1150  same subject by calling \fBpcre_exec()\fR again after a previous success.  same subject by calling \fBpcre_exec()\fP again after a previous success.
1151  Setting \fIstartoffset\fR differs from just passing over a shortened string and  Setting \fIstartoffset\fP differs from just passing over a shortened string and
1152  setting PCRE_NOTBOL in the case of a pattern that begins with any kind of  setting PCRE_NOTBOL in the case of a pattern that begins with any kind of
1153  lookbehind. For example, consider the pattern  lookbehind. For example, consider the pattern
1154    .sp
1155    \\Biss\\B    \eBiss\eB
1156    .sp
1157  which finds occurrences of "iss" in the middle of words. (\\B matches only if  which finds occurrences of "iss" in the middle of words. (\eB matches only if
1158  the current position in the subject is not a word boundary.) When applied to  the current position in the subject is not a word boundary.) When applied to
1159  the string "Mississipi" the first call to \fBpcre_exec()\fR finds the first  the string "Mississipi" the first call to \fBpcre_exec()\fP finds the first
1160  occurrence. If \fBpcre_exec()\fR is called again with just the remainder of the  occurrence. If \fBpcre_exec()\fP is called again with just the remainder of the
1161  subject, namely "issipi", it does not match, because \\B is always false at the  subject, namely "issipi", it does not match, because \eB is always false at the
1162  start of the subject, which is deemed to be a word boundary. However, if  start of the subject, which is deemed to be a word boundary. However, if
1163  \fBpcre_exec()\fR is passed the entire string again, but with \fIstartoffset\fR  \fBpcre_exec()\fP is passed the entire string again, but with \fIstartoffset\fP
1164  set to 4, it finds the second occurrence of "iss" because it is able to look  set to 4, it finds the second occurrence of "iss" because it is able to look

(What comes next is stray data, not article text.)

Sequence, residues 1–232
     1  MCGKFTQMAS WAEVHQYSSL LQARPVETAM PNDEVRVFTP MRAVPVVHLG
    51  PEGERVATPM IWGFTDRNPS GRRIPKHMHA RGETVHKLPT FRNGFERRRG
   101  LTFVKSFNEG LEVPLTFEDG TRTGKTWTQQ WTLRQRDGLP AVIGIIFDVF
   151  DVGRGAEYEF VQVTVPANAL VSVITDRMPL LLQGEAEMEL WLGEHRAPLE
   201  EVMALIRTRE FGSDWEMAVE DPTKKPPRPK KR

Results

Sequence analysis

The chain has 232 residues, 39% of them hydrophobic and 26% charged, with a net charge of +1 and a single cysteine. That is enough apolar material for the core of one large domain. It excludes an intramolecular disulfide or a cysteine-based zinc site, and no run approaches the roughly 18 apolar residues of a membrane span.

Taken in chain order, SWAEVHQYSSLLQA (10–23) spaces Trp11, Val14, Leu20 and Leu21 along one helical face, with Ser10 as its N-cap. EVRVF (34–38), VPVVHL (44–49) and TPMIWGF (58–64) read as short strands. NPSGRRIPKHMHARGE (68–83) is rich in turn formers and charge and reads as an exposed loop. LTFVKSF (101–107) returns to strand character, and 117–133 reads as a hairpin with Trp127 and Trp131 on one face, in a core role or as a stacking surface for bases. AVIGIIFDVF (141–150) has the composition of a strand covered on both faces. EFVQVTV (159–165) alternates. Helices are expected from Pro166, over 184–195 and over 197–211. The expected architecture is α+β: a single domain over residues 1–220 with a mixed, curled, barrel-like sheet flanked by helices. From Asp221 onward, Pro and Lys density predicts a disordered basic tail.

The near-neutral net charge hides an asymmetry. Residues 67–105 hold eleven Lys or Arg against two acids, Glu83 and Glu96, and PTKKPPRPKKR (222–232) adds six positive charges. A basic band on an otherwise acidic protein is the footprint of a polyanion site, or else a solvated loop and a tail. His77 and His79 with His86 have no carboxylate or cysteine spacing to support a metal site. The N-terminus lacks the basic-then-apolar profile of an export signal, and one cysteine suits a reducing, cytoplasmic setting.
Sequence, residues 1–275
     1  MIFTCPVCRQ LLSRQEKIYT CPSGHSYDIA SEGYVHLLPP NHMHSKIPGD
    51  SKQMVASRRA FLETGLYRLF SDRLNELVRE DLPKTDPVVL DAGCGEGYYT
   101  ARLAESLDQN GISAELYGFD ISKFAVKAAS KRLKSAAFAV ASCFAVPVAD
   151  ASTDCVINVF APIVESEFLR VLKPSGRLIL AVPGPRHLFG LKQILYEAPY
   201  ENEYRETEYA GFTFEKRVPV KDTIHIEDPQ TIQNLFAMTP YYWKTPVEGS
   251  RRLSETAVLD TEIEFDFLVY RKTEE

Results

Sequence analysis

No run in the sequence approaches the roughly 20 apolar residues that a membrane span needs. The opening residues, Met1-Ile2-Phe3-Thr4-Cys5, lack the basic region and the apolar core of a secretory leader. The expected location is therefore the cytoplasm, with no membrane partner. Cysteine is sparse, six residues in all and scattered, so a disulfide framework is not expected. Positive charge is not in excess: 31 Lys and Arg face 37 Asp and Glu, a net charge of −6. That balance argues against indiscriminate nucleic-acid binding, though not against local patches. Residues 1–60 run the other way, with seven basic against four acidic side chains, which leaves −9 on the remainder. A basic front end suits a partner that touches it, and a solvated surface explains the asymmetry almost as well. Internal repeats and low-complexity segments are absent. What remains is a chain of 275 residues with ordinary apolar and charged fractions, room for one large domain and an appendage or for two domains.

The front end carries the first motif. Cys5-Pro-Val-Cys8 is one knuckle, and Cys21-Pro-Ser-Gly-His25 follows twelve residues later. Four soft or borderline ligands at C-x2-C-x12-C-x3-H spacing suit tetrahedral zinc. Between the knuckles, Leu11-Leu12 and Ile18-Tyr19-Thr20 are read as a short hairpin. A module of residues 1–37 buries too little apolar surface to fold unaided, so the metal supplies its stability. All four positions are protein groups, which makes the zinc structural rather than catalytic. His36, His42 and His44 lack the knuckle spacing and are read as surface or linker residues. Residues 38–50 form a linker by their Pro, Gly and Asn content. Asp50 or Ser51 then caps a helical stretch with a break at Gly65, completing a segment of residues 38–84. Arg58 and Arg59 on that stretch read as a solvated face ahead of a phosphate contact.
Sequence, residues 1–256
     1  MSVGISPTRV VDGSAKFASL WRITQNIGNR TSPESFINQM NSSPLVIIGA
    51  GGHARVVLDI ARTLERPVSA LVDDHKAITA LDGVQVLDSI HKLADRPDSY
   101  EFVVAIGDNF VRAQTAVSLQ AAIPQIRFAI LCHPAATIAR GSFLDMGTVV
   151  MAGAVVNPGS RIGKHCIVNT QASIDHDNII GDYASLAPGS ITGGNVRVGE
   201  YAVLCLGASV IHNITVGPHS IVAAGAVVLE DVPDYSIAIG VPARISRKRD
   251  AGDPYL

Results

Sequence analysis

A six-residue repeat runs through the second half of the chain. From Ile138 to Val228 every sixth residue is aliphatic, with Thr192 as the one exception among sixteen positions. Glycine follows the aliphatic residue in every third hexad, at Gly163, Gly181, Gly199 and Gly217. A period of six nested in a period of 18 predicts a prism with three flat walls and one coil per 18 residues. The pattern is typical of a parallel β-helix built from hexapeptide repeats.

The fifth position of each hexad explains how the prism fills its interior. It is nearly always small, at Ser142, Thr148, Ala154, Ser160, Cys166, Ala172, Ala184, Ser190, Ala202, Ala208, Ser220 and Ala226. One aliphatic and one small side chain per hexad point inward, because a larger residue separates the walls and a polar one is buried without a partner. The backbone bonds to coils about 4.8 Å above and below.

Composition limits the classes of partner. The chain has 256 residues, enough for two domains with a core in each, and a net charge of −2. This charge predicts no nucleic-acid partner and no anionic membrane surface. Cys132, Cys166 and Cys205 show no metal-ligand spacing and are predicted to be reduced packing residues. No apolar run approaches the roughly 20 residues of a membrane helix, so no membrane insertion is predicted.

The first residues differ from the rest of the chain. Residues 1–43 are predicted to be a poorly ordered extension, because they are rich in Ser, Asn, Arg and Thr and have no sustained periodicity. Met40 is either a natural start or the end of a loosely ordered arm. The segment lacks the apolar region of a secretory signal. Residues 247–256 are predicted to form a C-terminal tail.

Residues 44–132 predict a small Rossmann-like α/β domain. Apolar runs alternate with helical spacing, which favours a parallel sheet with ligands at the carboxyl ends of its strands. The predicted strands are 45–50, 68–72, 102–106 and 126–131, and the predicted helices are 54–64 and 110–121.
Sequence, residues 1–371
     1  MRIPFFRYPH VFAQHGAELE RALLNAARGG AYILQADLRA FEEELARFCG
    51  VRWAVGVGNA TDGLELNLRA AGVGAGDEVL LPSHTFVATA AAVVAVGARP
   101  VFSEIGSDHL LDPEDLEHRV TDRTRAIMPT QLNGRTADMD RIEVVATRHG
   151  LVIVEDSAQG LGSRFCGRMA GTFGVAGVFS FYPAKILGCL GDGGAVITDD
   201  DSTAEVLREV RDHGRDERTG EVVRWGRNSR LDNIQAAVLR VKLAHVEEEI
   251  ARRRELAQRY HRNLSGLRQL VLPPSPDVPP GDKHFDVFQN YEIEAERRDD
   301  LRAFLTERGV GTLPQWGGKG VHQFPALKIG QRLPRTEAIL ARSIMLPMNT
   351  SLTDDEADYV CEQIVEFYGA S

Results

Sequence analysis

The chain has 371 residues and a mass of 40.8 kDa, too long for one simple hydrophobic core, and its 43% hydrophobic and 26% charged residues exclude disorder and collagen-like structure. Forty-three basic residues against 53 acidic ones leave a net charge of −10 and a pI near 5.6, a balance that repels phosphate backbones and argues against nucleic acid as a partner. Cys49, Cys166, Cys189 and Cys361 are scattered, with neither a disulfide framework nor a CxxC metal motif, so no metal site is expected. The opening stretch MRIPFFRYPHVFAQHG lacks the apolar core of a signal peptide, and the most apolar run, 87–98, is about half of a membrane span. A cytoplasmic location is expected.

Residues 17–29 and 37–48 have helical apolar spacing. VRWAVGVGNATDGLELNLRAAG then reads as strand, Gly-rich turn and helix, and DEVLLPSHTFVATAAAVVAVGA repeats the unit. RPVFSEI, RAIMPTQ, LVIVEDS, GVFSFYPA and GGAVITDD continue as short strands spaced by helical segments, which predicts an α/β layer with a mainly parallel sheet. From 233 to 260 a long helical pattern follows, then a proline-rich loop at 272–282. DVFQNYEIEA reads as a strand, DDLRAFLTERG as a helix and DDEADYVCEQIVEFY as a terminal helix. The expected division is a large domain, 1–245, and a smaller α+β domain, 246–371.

1165  behind the starting point to discover that it is preceded by a letter.  behind the starting point to discover that it is preceded by a letter.
1166    .P
1167  If a non-zero starting offset is passed when the pattern is anchored, one  If a non-zero starting offset is passed when the pattern is anchored, one
1168  attempt to match at the given offset is tried. This can only succeed if the  attempt to match at the given offset is made. This can only succeed if the
1169  pattern does not require the match to be at the start of the subject.  pattern does not require the match to be at the start of the subject.
1170    .
1171    .SS "How \fBpcre_exec()\fP returns captured substrings"
1172    .rs
1173    .sp
1174  In general, a pattern matches a certain portion of the subject, and in  In general, a pattern matches a certain portion of the subject, and in
1175  addition, further substrings from the subject may be picked out by parts of the  addition, further substrings from the subject may be picked out by parts of the
1176  pattern. Following the usage in Jeffrey Friedl's book, this is called  pattern. Following the usage in Jeffrey Friedl's book, this is called
1177  "capturing" in what follows, and the phrase "capturing subpattern" is used for  "capturing" in what follows, and the phrase "capturing subpattern" is used for
1178  a fragment of a pattern that picks out a substring. PCRE supports several other  a fragment of a pattern that picks out a substring. PCRE supports several other
1179  kinds of parenthesized subpattern that do not cause substrings to be captured.  kinds of parenthesized subpattern that do not cause substrings to be captured.
1180    .P
1181  Captured substrings are returned to the caller via a vector of integer offsets  Captured substrings are returned to the caller via a vector of integer offsets
1182  whose address is passed in \fIovector\fR. The number of elements in the vector  whose address is passed in \fIovector\fP. The number of elements in the vector
1183  is passed in \fIovecsize\fR. The first two-thirds of the vector is used to pass  is passed in \fIovecsize\fP, which must be a non-negative number. \fBNote\fP:
1184  back captured substrings, each substring using a pair of integers. The  this argument is NOT the size of \fIovector\fP in bytes.
1185  remaining third of the vector is used as workspace by \fBpcre_exec()\fR while  .P
1186  matching capturing subpatterns, and is not available for passing back  The first two-thirds of the vector is used to pass back captured substrings,
1187  information. The length passed in \fIovecsize\fR should always be a multiple of  each substring using a pair of integers. The remaining third of the vector is
1188  three. If it is not, it is rounded down.  used as workspace by \fBpcre_exec()\fP while matching capturing subpatterns,
1189    and is not available for passing back information. The length passed in